Murder in the Fleet

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Murder In the Fleet
Directed by Edward Sedgwick
Produced by Lucien Hubbard
Written by James Gleason (uncredited)
Screenplay by Frank Wead
Joe Sherman
Story by Edward Sedgwick
Starring Robert Taylor
Jean Parker
Ted Healy
Music by Paul Marquardt (uncredited)
Cinematography Milton Krasner
Edited by Conrad A. Nervig
Distributed by Metro-Goldwyn-Mayer
Release date(s)
  • May 27, 1935 (1935-05-27)
Running time 69 mins.
Country United States
Language English
Budget $189,000[1]
Box office $630,000[1]

Murder In the Fleet is a 1935 American murder mystery/comedy-drama film set aboard the USS Carolina. Released by Metro-Goldwyn-Mayer, the film was directed by Edward Sedgwick and stars Robert Taylor and Jean Parker.

Plot[edit]

Captain John Winslow (Arthur Byron) is notified by the Secretary of the Navy that his cruiser will be receiving a new firing control gear manufactured by World Electric company, which is supposed to revolutionize naval warfare. The gear vanishes and is quickly located by intelligence officers where it is being transported across the Mexican border.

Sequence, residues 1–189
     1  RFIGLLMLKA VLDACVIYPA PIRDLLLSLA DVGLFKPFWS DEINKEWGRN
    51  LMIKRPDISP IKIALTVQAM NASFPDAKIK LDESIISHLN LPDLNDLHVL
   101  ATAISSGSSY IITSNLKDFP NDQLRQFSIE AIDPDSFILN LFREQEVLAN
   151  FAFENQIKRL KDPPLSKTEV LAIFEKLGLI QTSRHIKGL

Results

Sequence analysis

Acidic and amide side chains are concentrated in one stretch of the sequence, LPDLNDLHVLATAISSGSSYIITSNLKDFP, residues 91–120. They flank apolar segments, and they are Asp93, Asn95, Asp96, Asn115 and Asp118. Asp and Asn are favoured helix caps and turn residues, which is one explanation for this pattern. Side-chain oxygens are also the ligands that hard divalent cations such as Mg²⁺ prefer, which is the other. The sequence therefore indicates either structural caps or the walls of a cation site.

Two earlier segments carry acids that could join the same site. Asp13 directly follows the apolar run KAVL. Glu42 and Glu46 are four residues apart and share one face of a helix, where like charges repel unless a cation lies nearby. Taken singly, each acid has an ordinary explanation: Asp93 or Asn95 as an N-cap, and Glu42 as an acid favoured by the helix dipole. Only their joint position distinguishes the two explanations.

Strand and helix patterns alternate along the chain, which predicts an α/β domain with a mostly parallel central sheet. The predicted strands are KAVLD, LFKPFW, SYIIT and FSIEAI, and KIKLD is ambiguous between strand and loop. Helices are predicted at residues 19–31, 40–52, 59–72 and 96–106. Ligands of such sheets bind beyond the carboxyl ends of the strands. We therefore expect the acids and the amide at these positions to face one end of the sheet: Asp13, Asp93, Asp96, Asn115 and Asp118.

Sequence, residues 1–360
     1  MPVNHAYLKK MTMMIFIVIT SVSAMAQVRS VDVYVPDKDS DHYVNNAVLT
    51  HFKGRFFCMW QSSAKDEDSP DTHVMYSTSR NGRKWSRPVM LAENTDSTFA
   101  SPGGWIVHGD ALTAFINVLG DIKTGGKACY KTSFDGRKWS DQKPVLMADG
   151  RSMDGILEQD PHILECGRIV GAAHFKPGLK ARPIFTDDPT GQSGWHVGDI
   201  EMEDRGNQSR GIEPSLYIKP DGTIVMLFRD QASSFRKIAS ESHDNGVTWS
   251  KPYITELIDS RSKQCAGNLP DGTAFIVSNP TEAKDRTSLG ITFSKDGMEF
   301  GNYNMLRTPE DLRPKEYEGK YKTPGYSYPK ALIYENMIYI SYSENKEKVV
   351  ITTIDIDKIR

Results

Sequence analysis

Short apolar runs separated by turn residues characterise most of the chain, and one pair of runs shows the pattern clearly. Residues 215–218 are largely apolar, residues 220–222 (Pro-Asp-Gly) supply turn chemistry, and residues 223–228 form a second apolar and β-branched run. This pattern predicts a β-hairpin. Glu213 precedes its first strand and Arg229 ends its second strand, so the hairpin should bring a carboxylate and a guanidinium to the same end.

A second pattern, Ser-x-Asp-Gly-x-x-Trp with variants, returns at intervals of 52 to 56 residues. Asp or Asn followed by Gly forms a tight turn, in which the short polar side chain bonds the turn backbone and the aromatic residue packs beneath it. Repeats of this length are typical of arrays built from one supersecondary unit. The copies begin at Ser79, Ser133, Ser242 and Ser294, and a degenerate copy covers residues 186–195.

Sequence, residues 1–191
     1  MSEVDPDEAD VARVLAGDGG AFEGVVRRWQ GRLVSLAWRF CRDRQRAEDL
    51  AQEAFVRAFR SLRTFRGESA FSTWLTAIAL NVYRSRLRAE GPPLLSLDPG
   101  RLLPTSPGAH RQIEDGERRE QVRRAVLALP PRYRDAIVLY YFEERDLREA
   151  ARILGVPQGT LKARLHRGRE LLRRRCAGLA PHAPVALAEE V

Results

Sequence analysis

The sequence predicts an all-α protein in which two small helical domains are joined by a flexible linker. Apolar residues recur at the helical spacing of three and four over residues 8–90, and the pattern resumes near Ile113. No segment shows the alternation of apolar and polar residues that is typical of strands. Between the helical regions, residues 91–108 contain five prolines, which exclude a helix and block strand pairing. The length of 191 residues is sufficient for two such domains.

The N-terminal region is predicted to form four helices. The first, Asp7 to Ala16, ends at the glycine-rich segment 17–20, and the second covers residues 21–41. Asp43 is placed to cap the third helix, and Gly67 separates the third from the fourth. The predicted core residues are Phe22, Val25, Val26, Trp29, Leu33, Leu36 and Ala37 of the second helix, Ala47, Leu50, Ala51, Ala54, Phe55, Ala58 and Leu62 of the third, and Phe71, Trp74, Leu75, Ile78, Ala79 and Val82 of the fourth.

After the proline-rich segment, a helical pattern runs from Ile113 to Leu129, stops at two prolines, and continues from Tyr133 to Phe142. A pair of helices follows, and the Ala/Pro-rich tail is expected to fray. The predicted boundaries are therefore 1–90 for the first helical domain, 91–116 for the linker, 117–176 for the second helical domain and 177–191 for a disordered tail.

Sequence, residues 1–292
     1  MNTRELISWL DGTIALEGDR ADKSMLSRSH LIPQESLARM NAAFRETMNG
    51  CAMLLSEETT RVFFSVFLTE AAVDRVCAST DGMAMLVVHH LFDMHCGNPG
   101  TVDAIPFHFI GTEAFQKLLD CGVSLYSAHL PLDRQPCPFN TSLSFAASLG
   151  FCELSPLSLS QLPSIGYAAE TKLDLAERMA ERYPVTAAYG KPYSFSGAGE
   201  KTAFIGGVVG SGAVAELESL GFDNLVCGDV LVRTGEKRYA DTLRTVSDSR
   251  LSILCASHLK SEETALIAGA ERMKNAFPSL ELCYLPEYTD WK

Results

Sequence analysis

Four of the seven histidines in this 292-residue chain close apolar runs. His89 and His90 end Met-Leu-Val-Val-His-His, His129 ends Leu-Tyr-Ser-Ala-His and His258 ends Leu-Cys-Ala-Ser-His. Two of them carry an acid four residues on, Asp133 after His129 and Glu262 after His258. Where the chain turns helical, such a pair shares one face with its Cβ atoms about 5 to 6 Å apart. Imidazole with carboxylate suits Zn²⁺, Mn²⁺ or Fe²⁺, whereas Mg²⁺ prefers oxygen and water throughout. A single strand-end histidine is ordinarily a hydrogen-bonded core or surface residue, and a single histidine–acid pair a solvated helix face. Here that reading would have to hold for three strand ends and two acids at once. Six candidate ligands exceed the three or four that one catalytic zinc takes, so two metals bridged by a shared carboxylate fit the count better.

When the gear is returned to the ship the secrecy surrounding the events catches the notice of reporter Walter Drake (J. Anthony Hughes). Lieutenant Tom Randolph (Robert Taylor) and Captain Winslow welcome visitors Al Duval (Raymond Hatton), who works for World Electric Company, and Victor Hanson (Jean Hersholt) from the Navy Department, aboard while the gear is installed. Meanwhile, Sailor Spud Burke (Nat Pendleton) gets caught between his sweetheart Toots Timmons (Una Merkel) and an old flame Betty Lansing (Jean Parker).

When the new gear is being lifted into place a cable breaks and it is dropped, later this is found to be an act of sabotage. To add to the confusion, Al Duval is murdered during a gun salute. The investigation begins and suspicions are running high when a second murder takes place, this time it is the chief electrician.

The Captain devises a plot to trap the murderer and the trail soon leads to the powder magazine, where Victor Hanson threatens to blow up the ship. Hanson claims that World Electric Company had stolen the idea and he wants revenge. Ultimately Hanson is captured and the gear is installed.

Cast[edit]

Crew[edit]

Box Office[edit]

According to MGM records the film earned $345,000 in the US and Canada and $285,000 elsewhere resulting in a profit of $216,000.[1]

References[edit]

  1. ^ a b c The Eddie Mannix Ledger, Los Angeles: Margaret Herrick Library, Center for Motion Picture Study .

External links[edit]